Appeal from the United States District Court for the Western District of Pennsylvania (Pittsburgh) (D.C. Civil No. 82-2421).
Before: GIBBONS, Chief Judge, SEITZ and ALDISERT, Circuit Judges
We must presently decide whether the district court properly denied attorney's fees under the Equal Access to Justice Act (EAJA), 28 U.S.C. § 2412(d)(1)(A), in a social security case. The court concluded that the position of the Secretary of Health and Human Services was substantially justified when he originally opposed a grant of disability benefits. We hold that the court erred. Accordingly, we will reverse the judgment of the district court and remand these proceedings for calculation of attorney's fees under EAJA.
George Edge filed a social security disability claim on the basis of a stroke he sustained on June 2, 1980, while working as a pipe loader for Armco Steel Corporation. He testified that he felt as if he had been struck on the left side of the head; he experienced pain, dizziness, light-headedness, and had to be hospitalized. Edge was fifty-eight years old when he suffered the stroke; he has not worked since.
Two Armco physicians examined Edge and concluded that he was totally disabled as a result of ischemic attacks and that he was unable to return to work. In addition, Dr. Wachs, a neurologist at Allegheny General Hospital, examined Edge twice during the month following the incident and confirmed the diagnosis as a "transient ischemic attack affecting the brainstem, secondary to atherosclerosis." App. at 42a. Finally, a report by Edge's treating physician, Dr. Brabson, concluded that Edge could perform mental household chores, but doubted that he would be able to engage in gainful employment in the future.
At a hearing before an Administrative Law Judge, Edge testified that since the incident he experienced attacks of dizziness several times a week. He stated that he must lie down for several hours when these attacks occur, that he has trouble with his balance, that he can drive only for short distances, and that he is quite depressed. The testimony concerning his emotional state was corroborated by his wife and daughter-in-law.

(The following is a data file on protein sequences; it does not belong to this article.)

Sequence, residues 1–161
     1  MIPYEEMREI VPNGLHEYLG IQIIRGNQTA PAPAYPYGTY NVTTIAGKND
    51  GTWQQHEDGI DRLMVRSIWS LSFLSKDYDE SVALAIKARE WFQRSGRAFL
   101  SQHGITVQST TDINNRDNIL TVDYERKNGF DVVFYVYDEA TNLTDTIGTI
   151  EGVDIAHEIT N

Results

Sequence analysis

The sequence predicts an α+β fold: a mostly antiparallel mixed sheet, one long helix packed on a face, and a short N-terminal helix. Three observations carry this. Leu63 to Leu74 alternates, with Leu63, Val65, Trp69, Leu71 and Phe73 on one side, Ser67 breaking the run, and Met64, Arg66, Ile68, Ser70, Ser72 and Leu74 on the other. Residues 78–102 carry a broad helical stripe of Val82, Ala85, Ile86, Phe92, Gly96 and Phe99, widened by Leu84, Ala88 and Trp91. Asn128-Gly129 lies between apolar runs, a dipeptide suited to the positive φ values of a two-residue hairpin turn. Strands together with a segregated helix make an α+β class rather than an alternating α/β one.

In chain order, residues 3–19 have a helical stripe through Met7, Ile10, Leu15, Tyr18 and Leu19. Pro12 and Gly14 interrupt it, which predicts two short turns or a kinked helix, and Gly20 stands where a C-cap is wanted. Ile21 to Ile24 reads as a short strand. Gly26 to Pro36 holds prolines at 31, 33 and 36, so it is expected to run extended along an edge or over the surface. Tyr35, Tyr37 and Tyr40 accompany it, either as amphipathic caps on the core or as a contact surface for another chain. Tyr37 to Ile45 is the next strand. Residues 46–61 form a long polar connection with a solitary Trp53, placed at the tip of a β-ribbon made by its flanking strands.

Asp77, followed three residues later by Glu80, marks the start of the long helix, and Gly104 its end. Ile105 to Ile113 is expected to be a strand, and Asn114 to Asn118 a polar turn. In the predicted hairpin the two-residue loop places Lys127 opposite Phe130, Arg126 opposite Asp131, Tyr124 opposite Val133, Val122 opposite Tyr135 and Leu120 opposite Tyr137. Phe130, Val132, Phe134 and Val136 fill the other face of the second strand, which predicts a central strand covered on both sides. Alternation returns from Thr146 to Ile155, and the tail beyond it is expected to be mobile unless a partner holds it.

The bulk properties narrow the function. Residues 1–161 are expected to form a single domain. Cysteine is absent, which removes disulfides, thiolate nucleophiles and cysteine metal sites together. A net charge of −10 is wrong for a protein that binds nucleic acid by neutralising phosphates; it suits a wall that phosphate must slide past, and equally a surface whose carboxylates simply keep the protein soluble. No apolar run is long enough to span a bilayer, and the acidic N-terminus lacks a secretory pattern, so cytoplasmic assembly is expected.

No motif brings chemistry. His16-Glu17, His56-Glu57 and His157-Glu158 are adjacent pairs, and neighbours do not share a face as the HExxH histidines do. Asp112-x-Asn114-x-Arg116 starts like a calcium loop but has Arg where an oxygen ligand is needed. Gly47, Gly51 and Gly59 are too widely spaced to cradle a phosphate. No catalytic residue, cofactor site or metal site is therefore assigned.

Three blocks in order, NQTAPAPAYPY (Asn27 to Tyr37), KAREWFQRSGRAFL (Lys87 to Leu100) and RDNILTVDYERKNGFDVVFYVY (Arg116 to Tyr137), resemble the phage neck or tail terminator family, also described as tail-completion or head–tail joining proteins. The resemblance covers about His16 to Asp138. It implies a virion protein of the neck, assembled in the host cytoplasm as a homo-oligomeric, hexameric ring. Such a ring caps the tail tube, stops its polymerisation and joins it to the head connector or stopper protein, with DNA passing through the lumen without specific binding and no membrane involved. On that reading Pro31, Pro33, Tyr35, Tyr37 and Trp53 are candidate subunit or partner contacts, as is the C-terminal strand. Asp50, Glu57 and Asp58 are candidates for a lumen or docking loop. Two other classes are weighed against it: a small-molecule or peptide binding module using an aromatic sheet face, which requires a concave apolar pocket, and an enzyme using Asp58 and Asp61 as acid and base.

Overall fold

The government countered this evidence of disability by noting that Dr. Wachs indicated that Edge "does not have any motor impairment and obviously he has not had a major stroke." App. at 42a. The government also relies on isolated statements of Dr. Brabson, who reported that there were no residuals, no neurological abnormalities, and no weakness of the extremities.
On the basis of the foregoing testimony, the ALJ denied disability benefits and the appeals council agreed. The district court affirmed the Secretary's decision and Edge lodged an appeal in this court. In Edge v. Schweiker 735 F.2d 1348 (3d Cir. 1984) (unpublished opinion), we vacated the judgment of the district court and remanded the case for further proceedings, stating:
We are unable to discern any evidence in the record that Edge is able to return to his former employment, particularly in light of the ALJ's recognition that:
Physicians having a responsibility to claimant's former employer and a treating physician have indicated that claimant is totally and permanently disabled from engaging in his former employment in a mill environment near machinery, a wholly understandable recommendation where a history of unpredictable attacks of vertigo is given by the employee.
We have repeatedly stressed that the medical evaluation of treating physicians is entitled to significant weight, particularly if it is uncontradicted by other expert medical testimony: "an ALJ is not free to set his own expertise against that of physicians who present competent medical evidence." . . . Neither the ALJ nor the appeals council was free to disregard the testimony of the treating physician, the neurologist who diagnosed the ischemic attacks, and the company doctors, concerning work restrictions in the absence of substantial evidence to the contrary. . . . By assuming the ability to return to prior employment despite ...